This is something that Anne Onomoose wrote and posted to Google+ on Sunday, August 17th, 2014 and something that I felt I should share. You can find her original G+ post here: Why I Should Have Unlimited Data For Free Even If I Don’t Use That Much. It’s something that I don’t understand just as she doesn’t as to why we don’t have unlimited data on cell phone plans and why we are constantly being charged for data overages in today’s technological world.
Like the rest of you I’ve tried to be budget conscious throughout the rise of mobile. My first lesson in mobile economics came in high school as I clutched my photo ID in my hot little hand and wandered the mall like everyone else did. I hopped from kiosk to kiosk and hut to hut looking for my first cell phone. I was denied each time over a “lack of credit”. I ended up dropping a load of baby sitting money to buy a Nokia 3210 and a pre-paid TracFone plan.
Trac phone became the bane of my existence as it excelled at the time in making people sweat nickels and dimes until they bled. Trac phone to me would forever be synonymous with pain and suffering and anxiety over seconds on a clock.
As mobile took off, the pricing model of carriers changed, paving the way for more and more people to own, and actually be able to use, a cell phone.
Fast forward to…. Errr…. Let’s say 7 or 8 years ago? I tried again with a pre-paid service. Boost Mobile to be specific. It was at that time that a new word was on the lips of every cell packing geek wannabe and corporate hustler…. Data. Oh god how data became the Holy grail! We suddenly needed it in much the same way as we needed condoms or candy or beer. Data. The sweet sweet chariot in which emails and photos and shitty mobile browser searches were delivered into our sweaty hands.
The model however was still broken. Despite the growing demands of life in which you were expected to respond to work emails in seconds and auntie Marbellas all over the country wanted instant pictures of the rug rats, carriers still charged a premium for mobile data and people once again (as I did with TracFone minutes ) watched cautiously over their mobile data allotment to avoid having data service temporarily shut down or face huge fees.
Fast forward again to 2013 and you’ll find this: Cell Internet Use
The use of mobile phones has changed drastically and yet data is still at a premium. There’s a huge problem with that. I had AT&T for slightly over a year. I was on wifi for about 80 percent of the time. I never once went over my piddling allotment of mobile data in nearly that entire time until one day when I received a bill for nearly 300 dollars. My data had unexpectedly blown off the charts and for reasons I could not explain I was now facing an exorbitant fee for using more than my tiny bucket of Internet that the almighty phone company had seen fit to give me. After contacting customer service I was given the excuse that perhaps a “weather widget” had gone crazy. Of course I called bullshit and my bill was corrected. Then it happened again after swapping phones. I fired AT&T who still insist to this day that I owe them 2 thousand dollars.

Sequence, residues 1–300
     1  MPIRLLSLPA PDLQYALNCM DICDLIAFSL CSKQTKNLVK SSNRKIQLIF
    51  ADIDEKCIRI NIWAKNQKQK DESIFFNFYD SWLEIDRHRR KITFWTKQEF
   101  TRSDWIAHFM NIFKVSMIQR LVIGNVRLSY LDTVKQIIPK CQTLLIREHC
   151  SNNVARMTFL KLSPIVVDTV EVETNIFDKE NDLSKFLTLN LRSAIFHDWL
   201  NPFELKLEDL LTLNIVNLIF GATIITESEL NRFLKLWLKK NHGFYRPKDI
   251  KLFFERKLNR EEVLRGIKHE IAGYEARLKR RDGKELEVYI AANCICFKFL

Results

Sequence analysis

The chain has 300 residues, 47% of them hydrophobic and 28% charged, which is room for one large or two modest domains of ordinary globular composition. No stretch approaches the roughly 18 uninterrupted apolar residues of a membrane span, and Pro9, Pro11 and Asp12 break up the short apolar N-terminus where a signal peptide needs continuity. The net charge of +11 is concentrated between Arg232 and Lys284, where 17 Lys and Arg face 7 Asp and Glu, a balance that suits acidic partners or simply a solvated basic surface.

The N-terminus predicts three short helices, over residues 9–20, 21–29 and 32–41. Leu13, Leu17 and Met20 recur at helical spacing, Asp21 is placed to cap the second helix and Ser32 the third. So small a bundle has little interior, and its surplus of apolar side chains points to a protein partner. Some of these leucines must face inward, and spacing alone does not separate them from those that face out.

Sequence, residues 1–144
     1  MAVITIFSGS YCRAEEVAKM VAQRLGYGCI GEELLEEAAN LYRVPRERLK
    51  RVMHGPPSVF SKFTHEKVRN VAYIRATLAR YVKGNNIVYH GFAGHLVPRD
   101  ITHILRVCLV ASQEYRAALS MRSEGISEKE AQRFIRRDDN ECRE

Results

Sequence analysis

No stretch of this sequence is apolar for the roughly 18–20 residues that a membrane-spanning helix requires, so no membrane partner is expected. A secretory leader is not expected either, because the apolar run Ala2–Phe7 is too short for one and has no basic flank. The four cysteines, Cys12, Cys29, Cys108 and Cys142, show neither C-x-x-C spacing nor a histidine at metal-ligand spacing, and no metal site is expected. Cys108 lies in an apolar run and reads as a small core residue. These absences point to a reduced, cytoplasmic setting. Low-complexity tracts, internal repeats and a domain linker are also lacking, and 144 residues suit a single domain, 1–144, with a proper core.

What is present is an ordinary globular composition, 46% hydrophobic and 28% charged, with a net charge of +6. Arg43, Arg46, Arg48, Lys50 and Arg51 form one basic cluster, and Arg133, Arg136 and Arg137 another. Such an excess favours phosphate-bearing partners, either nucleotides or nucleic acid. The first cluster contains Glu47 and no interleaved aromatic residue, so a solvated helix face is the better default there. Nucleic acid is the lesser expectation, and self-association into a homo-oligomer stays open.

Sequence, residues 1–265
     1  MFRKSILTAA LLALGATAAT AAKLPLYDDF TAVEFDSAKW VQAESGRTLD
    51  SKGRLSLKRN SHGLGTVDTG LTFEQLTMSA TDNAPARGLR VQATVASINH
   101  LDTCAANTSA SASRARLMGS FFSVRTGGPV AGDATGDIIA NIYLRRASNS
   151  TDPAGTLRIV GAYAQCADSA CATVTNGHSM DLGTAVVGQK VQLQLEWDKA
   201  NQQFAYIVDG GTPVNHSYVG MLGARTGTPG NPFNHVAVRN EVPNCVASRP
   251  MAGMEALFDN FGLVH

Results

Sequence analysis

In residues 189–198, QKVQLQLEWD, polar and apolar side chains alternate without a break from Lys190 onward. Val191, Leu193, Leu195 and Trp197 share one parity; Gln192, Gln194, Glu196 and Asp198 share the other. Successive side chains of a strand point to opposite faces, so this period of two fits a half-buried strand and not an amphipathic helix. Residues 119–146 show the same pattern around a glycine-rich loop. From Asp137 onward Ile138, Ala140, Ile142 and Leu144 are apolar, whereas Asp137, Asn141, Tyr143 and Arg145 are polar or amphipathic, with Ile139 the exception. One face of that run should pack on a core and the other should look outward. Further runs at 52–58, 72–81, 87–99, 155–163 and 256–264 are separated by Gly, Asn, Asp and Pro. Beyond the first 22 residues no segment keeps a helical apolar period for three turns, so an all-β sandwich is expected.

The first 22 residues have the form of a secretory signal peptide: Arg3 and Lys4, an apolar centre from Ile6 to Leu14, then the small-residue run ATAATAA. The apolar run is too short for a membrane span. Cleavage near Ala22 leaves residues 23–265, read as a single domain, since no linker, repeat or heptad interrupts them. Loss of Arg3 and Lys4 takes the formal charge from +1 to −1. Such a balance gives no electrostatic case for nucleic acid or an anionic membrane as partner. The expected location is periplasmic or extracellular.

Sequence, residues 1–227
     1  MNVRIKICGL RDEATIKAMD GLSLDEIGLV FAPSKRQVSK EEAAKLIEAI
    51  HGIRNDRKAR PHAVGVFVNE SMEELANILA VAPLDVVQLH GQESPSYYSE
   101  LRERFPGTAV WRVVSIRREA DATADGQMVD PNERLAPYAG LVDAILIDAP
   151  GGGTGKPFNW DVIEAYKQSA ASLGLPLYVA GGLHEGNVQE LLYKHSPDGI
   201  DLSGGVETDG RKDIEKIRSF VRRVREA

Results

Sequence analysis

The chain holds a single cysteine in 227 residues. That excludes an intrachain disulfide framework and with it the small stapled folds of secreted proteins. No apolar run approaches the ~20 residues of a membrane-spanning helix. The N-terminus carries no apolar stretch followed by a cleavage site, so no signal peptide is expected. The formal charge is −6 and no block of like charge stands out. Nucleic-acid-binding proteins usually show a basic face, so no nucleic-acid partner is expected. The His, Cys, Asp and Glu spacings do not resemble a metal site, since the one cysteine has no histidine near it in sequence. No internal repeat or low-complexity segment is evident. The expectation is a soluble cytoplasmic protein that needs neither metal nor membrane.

I then went with T-Mobile who offered unlimited data. While they still occasionally throttle I could care less. My main concern was that the overage charge like what I had previously seen never happened again.
Recently Verizon wireless unveiled a new plan. At $60 pm, it offers unlimited talk and text along with 2GB of data. The overage fee is $15 per 1 GB of data over your plan allowance. REALLY.
While at Disney my phone would occasionally drop from wifi. During my second day I received a message stating that I had used 1.6 GB of data. I’m not sure exactly how. It could have been the near constant use of the Walt Disney World app. It might have been my pictures trying to upload in the background. Who knows. The point is WHY should we feel the need to worry about it in 2014? I decided that I didn’t care. T-Mobile would simply throttle me and slow my mobile Internet speeds slightly which didn’t bother me at all. Had I been with AT&T or Verizon however I would have been flipping out. Unlike T-Mobile they would have charged me my first born child in data overage fees.
We live in a constantly connected environment here in the United States. It’s expected of us to check in, upload, record, email and check our bank balance on the go every day. Everywhere you look we’re being pushed into using more and more mobile data. Hell, even grocery stores have apps now to make shopping “easier”.
Mobile carriers need to adapt and stop being shifty and we should welcome a company that throttles rather than charging ridiculous overage fees. Yes we can watch our own data usage but the question is should we have to? The providers would have us believe that their networks are so clouded and crowded and shitty that they have to charge these fees. After all they are the victim of too many customers! Those poor corporations are just so flooded with us all using and paying through the nose for services that they just can’t be bothered to use some of that cash to improve towers.
How do you hose a consumer? Create a false sense of scarcity. Tell them that they just can’t keep up and have to charge more in order to make sure there’s enough for everyone.
The question is how many will buy into the bullshit and continue to support a broken model?